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I'm personally of the opinion that 'traveller' should have two Ls in it, but maybe people in North America feel differently about the matter. Anyway, only one L is included on the cover (in the title at least), so there it is.

Spelling aside, I enjoyed this novel very much. It suppose you could call it 'fantastical realism', or something of the sort - it isn't magical realism per se, as the time travel in it is explicitly presented as a genetic disorder rather than the result of magic, but it has the same sort of quality of depicting an entirely realistic world except for the one small detail of involuntary time travel. As such, the extent of its emphasis on the feelings and development of its characters is greater than you tend to find in a typical fantasy novel - and this, presumably, is why it's found such acclaim outside of SF circles.

I'm rather late to the party in reading it myself, as nearly_everyone seems to have done so several years ago, but I suppose that gives me a slightly different perspective, since I had heard a lot about it before I read it. My chief surprise was to find that the time traveller (Henry) was featured in the novel as much as he was. What I'd picked up was that the novel focuses primarily on the effects of his time travelling on his wife (Clare), but although this is more true than with most novels featuring time travel, in fact the experiences and traumas of the two get more or less equal billing.

What I didn't anticipate based on what I'd heard was that Clare would encounter Henry both before they 'met' in the conventional sense, and indeed also after he had died. That raised a lot of interesting issues, in particular that of determinism, and on a technical level I felt it was handled very effectively. It could have got so confusing, but the device of stating the narrator, their personal age and the absolute date / time for each section, as well as taking us through the confusion of the narrators themselves when appropriate, seemed to maintain clarity very effectively.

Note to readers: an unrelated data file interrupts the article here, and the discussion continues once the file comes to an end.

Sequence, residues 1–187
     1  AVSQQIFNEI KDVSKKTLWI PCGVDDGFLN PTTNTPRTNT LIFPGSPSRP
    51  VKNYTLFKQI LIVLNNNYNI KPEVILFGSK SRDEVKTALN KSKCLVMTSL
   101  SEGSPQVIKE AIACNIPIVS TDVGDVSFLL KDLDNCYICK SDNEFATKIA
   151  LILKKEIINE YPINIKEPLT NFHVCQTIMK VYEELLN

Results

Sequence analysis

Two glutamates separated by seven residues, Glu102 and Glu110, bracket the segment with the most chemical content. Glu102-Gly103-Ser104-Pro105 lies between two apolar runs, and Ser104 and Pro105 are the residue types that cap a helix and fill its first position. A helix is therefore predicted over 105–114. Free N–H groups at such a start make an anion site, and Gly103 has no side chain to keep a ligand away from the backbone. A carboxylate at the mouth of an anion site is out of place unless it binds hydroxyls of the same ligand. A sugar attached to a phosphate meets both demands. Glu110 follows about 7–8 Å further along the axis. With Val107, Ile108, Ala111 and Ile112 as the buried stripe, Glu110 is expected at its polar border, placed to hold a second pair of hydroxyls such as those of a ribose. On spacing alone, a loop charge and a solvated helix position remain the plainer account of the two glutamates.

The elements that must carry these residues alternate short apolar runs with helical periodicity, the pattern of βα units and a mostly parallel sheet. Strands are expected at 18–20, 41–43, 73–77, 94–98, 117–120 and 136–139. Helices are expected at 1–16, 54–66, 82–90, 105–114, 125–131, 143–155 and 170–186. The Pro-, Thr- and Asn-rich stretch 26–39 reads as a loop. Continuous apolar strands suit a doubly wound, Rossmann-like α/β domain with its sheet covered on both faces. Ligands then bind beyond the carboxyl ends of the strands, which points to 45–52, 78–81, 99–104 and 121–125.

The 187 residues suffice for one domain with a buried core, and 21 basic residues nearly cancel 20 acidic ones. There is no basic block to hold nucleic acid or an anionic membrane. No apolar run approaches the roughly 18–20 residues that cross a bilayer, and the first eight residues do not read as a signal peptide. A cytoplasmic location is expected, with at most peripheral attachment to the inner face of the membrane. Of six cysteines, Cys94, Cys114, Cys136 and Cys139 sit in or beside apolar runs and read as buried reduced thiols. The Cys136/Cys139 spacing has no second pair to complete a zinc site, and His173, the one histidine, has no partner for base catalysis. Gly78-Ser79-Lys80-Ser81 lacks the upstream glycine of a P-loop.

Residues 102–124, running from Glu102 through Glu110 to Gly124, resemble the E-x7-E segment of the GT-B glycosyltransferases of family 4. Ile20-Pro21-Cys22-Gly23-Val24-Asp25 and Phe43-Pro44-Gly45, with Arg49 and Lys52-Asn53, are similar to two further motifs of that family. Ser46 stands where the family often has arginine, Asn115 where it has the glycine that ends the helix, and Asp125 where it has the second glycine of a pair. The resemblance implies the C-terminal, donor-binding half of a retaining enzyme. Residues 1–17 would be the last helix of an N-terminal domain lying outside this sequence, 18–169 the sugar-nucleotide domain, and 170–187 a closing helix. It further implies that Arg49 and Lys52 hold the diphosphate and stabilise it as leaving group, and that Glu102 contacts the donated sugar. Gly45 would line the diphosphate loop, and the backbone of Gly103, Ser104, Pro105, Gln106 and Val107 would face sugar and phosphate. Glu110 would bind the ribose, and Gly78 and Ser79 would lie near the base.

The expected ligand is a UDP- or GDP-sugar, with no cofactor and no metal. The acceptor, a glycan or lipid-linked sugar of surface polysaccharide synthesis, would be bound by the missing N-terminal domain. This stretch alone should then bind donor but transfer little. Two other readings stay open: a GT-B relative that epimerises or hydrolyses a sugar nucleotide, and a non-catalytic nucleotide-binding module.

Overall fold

The determinism issue was explored a fair amount, with Henry in particular clearly having spent a lot of time struggling with the issue of whether or not he really had free will, either on his travels or during his present. I could have perhaps done with more of it on Clare's side, though. In particular, I'd have liked to see her questioning the validity of her relationship with Henry a little bit more. I do see that the emotional impact of having someone alongside you throughout your childhood who tells you that he is your future husband, and how great your time together will be, must be pretty enormous, and that you would certainly be keen to start a relationship with such a person when you 'met' them properly. But when they begin rowing so much later on over the issue of having a baby, I would have liked just one scene in which she began to question whether being in a relationship with Henry was really best for her, and whether she 'has' to stay, just because he has told her they are still together in the future. The deterministic line could still be maintained by having her decide to stay for her own reasons, but it would have been nice to see it addressed and questioned. As it is, her utter devotion to him when he is so often revealed to be violent and manipulative was the hardest aspect of the novel to swallow for me.